5 Ways to Release Your Anger and Embrace Forgiveness

Young adult with long hair sits in tall grass, looking out into distance, holding a bunch of brightly colored balloonsWe all experience love in one form or another. We all experience hurt and pain. It’s part of the human condition.

Likewise, people can be insensitive sometimes. They say or do things either intentionally or unintentionally that hurt others. At times, a careless action or critical remark can really hurt us, especially if we attach too much importance or meaning to it. The more closely connected we are to the person, the deeper the pain.

An infraction that is relatively minor or insignificant to one person may be devastatingly painful to another. For some, resentments are difficult to release. The tighter the hold, the harder it may be to let go.

When ruminated about over a period of time, a resentment can transform into a grudge. If these negative feelings are left unresolved within ourselves, they can lead to unhappiness, bitterness, and permanent unforgiveness. Research has shown that prolonged anger can have devastating effects on our health and longevity.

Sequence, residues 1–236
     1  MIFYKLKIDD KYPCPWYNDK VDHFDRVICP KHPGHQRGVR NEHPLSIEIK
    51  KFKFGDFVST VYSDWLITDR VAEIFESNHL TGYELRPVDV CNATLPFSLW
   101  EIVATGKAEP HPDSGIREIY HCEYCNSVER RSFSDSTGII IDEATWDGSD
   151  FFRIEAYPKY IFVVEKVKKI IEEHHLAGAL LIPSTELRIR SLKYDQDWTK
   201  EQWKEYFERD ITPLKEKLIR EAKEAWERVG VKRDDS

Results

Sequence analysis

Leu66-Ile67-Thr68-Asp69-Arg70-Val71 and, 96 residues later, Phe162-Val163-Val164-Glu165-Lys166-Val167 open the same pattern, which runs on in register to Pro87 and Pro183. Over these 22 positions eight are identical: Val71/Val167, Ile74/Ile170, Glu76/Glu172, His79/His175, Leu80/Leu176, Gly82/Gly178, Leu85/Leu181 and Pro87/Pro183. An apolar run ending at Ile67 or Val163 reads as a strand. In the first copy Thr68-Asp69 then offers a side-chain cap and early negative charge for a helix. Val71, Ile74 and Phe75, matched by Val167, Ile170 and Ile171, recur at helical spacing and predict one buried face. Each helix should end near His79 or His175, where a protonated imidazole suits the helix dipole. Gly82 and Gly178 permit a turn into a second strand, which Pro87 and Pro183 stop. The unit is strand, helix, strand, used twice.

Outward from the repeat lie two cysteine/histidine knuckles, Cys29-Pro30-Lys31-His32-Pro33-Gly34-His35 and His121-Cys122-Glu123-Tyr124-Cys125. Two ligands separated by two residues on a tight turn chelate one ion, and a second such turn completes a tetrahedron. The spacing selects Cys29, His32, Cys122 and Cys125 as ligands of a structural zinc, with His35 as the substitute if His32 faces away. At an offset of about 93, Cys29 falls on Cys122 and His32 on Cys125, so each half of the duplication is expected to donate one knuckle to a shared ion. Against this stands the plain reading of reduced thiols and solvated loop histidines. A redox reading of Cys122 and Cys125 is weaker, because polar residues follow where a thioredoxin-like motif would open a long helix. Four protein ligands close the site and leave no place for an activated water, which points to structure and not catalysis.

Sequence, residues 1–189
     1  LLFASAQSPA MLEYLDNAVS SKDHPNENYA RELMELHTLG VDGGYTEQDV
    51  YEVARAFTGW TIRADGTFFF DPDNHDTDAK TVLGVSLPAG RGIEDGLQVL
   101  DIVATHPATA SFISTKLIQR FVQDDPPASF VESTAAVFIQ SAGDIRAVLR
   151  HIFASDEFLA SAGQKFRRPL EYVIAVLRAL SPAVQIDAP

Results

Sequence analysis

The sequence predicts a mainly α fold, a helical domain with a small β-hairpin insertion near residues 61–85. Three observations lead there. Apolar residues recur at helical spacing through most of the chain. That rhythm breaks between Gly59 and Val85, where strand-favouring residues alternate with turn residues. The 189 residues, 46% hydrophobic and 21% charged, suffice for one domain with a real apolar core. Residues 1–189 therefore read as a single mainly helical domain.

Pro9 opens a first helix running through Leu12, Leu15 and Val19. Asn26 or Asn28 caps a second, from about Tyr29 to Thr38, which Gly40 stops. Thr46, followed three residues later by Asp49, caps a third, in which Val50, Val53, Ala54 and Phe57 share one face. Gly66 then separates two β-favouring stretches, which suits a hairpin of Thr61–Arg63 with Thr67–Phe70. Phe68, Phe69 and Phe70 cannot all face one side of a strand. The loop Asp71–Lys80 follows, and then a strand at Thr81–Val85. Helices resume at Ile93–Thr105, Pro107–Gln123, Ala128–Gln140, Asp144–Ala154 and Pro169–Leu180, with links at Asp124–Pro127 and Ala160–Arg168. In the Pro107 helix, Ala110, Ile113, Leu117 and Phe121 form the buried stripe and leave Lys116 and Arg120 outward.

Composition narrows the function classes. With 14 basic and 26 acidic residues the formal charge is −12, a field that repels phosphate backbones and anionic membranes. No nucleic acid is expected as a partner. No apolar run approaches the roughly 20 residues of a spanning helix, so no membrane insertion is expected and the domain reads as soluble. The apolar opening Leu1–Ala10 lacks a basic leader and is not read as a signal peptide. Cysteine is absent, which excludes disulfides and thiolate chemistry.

Although we may feel justified in our anger, what can we do to stop feeling the pain and upset feelings that the hurt has caused? Not every infraction requires forgiveness. However, if the hurt is personal, profoundly deep, and seems unjust, the following ideas may help you begin to release your anger and bring back a sense of peace and joy.

1. Decide to Forgive Yourself

Remind yourself that you are doing the best you can at any given moment. Try not to replay the “what-ifs.” Validate your feelings by acknowledging your anger and pain. Anger is a helpful emotion that signals to us that something is wrong and needs to be corrected.

When you are ready, make a conscious choice to release the anger and hurt and let go of the past. Be kind to yourself and set yourself free from hurt. Being able to forgive solves many problems.

2. Decide to Forgive Others

Everyone is imperfect and flawed. Everyone makes mistakes every day. Everyone is doing the best they can given their personal life history and the impact that history has had on them.

Make a conscious decision to let go of offensive words and behavior. Decide to not let what others do or say have power over you. Stand firm in your truth.

3. Redirect Your Thoughts

What we believe may become true for us. Thoughts are powerful, either positive or negative. Dwelling on past hurts only serves to reinjure ourselves.

Challenge your negative thoughts and reframe them in a positive and more balanced way. Bitterness can cloud your vision and alter your perspective. Be truthful to yourself and allow yourself to be aware of how you may have hurt others in similar ways.

4. Change Your Perspective

Allow yourself to see things from a more positive perspective. Try being able to see the person or situation in a new light. Look for things that the person is doing right rather than emphasizing their flaws.

5. Live in the Present

Realize that the past is in the past. You only have the present moment to live in. Focus on what is going well right now, and try not to allow negative thoughts about the past to creep into your consciousness.